Current treatment practice of Guillain-Barré syndrome.
OBJECTIVE: To define the current treatment practice of Guillain-Barré syndrome (GBS).
METHODS: The study was based on prospective observational data from the first 1,300 patients included in the International GBS Outcome Study. We described the treatment practice of GBS in general, and for (1) severe forms (unable to walk independently), (2) no recovery after initial treatment, (3) treatment-related fluctuations, (4) mild forms (able to walk independently), and (5) variant forms including Miller Fisher syndrome, taking patient characteristics and hospital type into account.
RESULTS: We excluded 88 (7%) patients because of missing data, protocol violation, or alternative diagnosis. Patients from Bangladesh (n = 189, 15%) were described separately because 83% were not treated. IV immunoglobulin (IVIg), plasma exchange (PE), or other immunotherapy was provided in 941 (92%) of the remaining 1,023 patients, including patients with severe GBS (724/743, 97%), mild GBS (126/168, 75%), Miller Fisher syndrome (53/70, 76%), and other variants (33/40, 83%). Of 235 (32%) patients who did not improve after their initial treatment, 82 (35%) received a second immune modulatory treatment. A treatment-related fluctuation was observed in 53 (5%) of 1,023 patients, of whom 36 (68%) were re-treated with IVIg or PE.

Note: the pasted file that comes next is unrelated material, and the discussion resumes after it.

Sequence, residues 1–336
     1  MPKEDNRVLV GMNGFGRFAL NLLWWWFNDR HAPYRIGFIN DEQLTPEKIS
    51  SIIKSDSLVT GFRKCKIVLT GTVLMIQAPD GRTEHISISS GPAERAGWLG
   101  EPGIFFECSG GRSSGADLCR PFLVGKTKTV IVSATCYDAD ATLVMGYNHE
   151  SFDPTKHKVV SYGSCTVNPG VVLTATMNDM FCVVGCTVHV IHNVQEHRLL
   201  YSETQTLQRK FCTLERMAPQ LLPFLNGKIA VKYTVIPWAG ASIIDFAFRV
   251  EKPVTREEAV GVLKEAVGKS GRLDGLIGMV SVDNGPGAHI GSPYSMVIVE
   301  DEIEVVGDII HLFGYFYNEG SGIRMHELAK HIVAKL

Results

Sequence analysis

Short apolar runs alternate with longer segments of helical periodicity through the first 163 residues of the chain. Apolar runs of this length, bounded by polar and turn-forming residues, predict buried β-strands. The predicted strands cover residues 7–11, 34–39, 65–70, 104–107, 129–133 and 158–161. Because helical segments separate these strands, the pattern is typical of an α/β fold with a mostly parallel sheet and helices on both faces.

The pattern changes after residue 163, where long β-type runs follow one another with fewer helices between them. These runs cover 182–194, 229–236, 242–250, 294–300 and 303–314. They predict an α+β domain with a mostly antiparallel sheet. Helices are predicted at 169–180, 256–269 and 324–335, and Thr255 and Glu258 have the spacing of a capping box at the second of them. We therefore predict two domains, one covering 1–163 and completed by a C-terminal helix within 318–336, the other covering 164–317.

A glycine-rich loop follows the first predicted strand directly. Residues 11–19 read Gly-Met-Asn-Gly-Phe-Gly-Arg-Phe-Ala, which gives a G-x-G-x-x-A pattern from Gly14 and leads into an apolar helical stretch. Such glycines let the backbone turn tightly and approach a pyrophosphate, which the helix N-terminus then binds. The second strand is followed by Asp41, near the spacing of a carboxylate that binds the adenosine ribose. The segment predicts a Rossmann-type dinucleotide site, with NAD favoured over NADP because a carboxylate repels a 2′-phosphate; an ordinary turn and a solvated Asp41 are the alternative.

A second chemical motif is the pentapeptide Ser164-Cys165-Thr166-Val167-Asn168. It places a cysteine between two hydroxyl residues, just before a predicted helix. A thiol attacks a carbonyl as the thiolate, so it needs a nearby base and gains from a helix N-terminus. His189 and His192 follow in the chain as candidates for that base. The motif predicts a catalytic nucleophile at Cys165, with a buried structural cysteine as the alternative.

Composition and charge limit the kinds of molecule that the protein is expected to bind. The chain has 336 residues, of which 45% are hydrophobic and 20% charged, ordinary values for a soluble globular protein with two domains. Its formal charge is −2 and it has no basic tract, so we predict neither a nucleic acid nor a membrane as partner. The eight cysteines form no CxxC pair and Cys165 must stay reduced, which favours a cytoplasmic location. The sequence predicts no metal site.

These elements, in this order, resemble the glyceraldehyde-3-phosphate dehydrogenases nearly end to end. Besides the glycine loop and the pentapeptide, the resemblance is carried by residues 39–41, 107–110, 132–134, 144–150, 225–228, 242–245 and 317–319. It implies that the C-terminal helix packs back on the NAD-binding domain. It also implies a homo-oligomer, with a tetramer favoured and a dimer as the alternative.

CONCLUSIONS: In current practice, patients with mild and variant forms of GBS, or with treatment-related fluctuations and treatment failures, are frequently treated, even in absence of trial data to support this choice. The variability in treatment practice can be explained in part by the lack of evidence and guidelines for effective treatment in these situations.
Published In/Presented At
Verboon, C., Doets, A. Y., Galassi, G., Davidson, A., Waheed, W., Péréon, Y., Shahrizaila, N., Kusunoki, S., Lehmann, H. C., Harbo, T., Monges, S., Van den Bergh, P., Willison, H. J., Cornblath, D. R., Jacobs, B. C., & IGOS Consortium (2019). Current treatment practice of Guillain-Barré syndrome. Neurology, 93(1), e59–e76. https://doi.org/10.1212/WNL.0000000000007719
Medicine and Health Sciences
Department of Medicine